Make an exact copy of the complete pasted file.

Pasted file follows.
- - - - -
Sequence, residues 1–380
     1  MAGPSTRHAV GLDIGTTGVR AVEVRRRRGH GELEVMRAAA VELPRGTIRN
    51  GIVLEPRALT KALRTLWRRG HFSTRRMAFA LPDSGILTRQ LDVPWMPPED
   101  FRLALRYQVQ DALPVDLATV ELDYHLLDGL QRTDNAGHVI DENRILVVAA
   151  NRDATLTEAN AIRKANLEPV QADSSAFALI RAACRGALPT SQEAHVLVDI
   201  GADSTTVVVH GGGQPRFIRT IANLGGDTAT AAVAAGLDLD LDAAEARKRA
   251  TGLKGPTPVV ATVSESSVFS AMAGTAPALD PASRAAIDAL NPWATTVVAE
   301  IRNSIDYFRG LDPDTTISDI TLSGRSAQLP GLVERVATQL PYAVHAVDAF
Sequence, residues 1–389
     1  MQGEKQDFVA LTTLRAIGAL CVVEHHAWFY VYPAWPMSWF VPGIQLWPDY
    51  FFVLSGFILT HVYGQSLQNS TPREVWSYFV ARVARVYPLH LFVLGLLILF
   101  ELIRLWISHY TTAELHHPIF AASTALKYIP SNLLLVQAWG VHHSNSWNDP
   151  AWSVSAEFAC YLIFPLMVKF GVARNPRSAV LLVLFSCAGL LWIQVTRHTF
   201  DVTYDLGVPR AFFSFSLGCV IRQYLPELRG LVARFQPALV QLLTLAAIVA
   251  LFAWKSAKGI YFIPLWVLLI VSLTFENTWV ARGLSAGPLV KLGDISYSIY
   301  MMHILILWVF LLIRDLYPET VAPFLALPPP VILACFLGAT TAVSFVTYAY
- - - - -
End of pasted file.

Sequence, residues 1–380
     1  MAGPSTRHAV GLDIGTTGVR AVEVRRRRGH GELEVMRAAA VELPRGTIRN
    51  GIVLEPRALT KALRTLWRRG HFSTRRMAFA LPDSGILTRQ LDVPWMPPED
   101  FRLALRYQVQ DALPVDLATV ELDYHLLDGL QRTDNAGHVI DENRILVVAA
   151  NRDATLTEAN AIRKANLEPV QADSSAFALI RAACRGALPT SQEAHVLVDI
   201  GADSTTVVVH GGGQPRFIRT IANLGGDTAT AAVAAGLDLD LDAAEARKRA
   251  TGLKGPTPVV ATVSESSVFS AMAGTAPALD PASRAAIDAL NPWATTVVAE
   301  IRNSIDYFRG LDPDTTISDI TLSGRSAQLP GLVERVATQL PYAVHAVDAF
Sequence, residues 1–389
     1  MQGEKQDFVA LTTLRAIGAL CVVEHHAWFY VYPAWPMSWF VPGIQLWPDY
    51  FFVLSGFILT HVYGQSLQNS TPREVWSYFV ARVARVYPLH LFVLGLLILF
   101  ELIRLWISHY TTAELHHPIF AASTALKYIP SNLLLVQAWG VHHSNSWNDP
   151  AWSVSAEFAC YLIFPLMVKF GVARNPRSAV LLVLFSCAGL LWIQVTRHTF
   201  DVTYDLGVPR AFFSFSLGCV IRQYLPELRG LVARFQPALV QLLTLAAIVA
   251  LFAWKSAKGI YFIPLWVLLI VSLTFENTWV ARGLSAGPLV KLGDISYSIY
   301  MMHILILWVF LLIRDLYPET VAPFLALPPP VILACFLGAT TAVSFVTYAY